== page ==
Simons says his company's commitment to trying new things is what sets it apart from the established competition in rural Calgary, Alberta, Canada. "Most of the competition has just done the same things for so long," he says. "We're trying new things and doing things that no one else is doing out here."
Simons says he is often on the phone talking techniques with sports flooring innovators in the U.S., such as Chattanooga, Tenn.-based Praters Athletic Floors. He also looks for ways to make the work easier on the body, using machines to tackle game lines and other jobs typically done by hand. "The key is innovation," Simons says.
Fritzel agrees, and says he makes a point to educate clients about environmentally friendly, low-VOC products, which a lot of his older competition have been slower to embrace.
"The more education the market has, the higher the quality is," he says.
Marion says he has dealt first-hand with the older generation's reluctance to change—he's had former bosses reluctant to even stain with a buffer. "So a lot of my time has been spent trying to convince my bosses about new techniques," Marion says, adding that he has also turned older pros on to social media as an advertising opportunity.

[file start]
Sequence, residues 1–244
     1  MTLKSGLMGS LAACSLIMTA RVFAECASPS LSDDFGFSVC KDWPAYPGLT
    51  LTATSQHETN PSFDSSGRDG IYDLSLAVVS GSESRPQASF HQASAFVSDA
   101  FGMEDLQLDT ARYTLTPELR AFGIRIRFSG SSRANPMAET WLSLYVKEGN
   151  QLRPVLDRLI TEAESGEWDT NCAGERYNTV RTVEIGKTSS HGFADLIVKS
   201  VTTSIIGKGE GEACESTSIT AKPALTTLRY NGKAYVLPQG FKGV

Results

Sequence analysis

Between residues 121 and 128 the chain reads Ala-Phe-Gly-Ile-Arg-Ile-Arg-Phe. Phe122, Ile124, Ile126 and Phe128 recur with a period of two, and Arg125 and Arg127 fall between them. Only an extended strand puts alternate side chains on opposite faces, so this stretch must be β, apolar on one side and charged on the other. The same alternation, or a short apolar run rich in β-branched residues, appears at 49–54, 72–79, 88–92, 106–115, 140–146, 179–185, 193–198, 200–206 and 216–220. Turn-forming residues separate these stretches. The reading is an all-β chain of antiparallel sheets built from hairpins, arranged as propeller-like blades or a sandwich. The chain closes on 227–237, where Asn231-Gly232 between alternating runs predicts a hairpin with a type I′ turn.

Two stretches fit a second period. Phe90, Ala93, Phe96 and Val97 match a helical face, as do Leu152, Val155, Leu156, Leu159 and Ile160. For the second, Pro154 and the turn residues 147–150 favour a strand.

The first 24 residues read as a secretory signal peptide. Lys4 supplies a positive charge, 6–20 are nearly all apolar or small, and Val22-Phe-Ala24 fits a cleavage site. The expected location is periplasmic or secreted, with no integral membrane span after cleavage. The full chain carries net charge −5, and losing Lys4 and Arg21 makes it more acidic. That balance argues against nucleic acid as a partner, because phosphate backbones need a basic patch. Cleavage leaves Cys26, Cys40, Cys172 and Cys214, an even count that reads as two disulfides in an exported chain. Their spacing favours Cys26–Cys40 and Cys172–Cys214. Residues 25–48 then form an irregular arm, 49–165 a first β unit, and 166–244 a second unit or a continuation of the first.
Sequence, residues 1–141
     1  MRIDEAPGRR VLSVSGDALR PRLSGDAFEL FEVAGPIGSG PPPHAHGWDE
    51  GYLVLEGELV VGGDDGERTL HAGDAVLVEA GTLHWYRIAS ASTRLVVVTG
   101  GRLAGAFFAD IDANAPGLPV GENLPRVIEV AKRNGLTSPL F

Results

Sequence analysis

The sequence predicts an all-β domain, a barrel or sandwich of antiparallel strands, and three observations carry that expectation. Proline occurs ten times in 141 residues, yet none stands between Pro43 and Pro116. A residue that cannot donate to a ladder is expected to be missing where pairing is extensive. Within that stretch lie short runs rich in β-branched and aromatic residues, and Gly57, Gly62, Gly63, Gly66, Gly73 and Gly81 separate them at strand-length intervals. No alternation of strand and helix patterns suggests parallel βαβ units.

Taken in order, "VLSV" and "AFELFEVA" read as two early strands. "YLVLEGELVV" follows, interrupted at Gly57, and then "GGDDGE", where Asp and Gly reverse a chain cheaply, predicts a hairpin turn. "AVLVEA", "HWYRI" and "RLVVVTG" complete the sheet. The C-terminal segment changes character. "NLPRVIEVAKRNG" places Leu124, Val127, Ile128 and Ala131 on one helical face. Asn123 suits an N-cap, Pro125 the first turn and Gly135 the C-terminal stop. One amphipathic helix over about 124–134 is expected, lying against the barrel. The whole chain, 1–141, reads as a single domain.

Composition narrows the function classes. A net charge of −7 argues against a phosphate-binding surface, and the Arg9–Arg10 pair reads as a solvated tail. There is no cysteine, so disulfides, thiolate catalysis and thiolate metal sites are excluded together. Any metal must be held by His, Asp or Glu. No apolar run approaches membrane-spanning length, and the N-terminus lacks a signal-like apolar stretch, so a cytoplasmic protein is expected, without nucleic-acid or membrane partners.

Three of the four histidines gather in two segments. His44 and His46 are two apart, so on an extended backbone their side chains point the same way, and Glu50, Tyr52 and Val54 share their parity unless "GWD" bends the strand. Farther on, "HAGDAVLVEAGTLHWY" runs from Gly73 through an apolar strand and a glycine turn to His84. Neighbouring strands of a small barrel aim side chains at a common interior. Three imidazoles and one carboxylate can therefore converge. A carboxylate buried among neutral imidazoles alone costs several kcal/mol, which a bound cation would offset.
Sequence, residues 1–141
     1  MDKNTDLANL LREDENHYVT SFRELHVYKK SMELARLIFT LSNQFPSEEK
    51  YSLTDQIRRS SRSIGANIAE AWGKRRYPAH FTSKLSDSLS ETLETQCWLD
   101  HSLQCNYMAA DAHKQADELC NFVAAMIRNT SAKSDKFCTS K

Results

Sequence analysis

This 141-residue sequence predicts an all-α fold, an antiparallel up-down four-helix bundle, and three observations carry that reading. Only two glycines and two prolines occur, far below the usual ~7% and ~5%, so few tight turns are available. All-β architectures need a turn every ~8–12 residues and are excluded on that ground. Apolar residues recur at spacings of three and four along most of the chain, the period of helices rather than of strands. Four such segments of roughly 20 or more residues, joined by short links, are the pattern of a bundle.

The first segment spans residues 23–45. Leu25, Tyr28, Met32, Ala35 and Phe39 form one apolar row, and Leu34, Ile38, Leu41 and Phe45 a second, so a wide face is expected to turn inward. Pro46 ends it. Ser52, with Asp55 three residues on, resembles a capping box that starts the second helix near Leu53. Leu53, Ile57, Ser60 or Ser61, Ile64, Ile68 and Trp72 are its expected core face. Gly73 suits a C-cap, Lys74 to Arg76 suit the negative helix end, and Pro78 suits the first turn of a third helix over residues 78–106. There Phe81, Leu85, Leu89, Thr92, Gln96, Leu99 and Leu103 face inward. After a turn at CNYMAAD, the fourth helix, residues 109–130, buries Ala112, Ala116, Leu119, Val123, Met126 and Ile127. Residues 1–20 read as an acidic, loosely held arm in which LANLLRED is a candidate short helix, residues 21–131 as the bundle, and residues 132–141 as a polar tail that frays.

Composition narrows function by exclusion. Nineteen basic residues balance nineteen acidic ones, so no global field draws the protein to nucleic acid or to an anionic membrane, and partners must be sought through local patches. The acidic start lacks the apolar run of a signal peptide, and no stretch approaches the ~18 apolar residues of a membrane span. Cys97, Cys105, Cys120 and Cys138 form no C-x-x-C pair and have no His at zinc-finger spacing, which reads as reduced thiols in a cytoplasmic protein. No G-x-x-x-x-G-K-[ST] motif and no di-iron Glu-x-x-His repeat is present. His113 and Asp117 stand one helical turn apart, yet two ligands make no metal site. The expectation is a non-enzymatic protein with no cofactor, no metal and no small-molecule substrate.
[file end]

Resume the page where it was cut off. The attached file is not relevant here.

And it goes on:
"I'd say the biggest way to appeal to people in my generation would definitely be open-mindedness," he says.
Simons views embracing collaboration and new ideas as not only a benefit for current pros, but also a way of attracting younger pros to the trade.
"That's where I'd want to work," he says.
'It's a community'
A little over a year into running his own company, Abrudeanu doesn't see his business as completely in the groove yet. "I'll be over a hurdle when I can sleep," he laughs.
Despite the stress of starting a new business, he views his first year as a business owner positively, particularly when it came to making connections and friendships with other pros in the industry.
"After my incident, I sort of detached connection from a lot of people, just because they weren't quality people," he says. "The fact that now I've got people telling me to work, who are pushing me to be good from a craftsman standpoint … it's a community that's developed."
One of his proudest moments came when he received an invitation from his grandparents, who'd been skeptical of his choice of profession, to come to Dallas to install a wood floor in their new retirement home. "I did a little something extra for them in the living room, and my grandma and grandpa were just in love with it," Abrudeanu says. "It was their way of coming to terms with my career choice."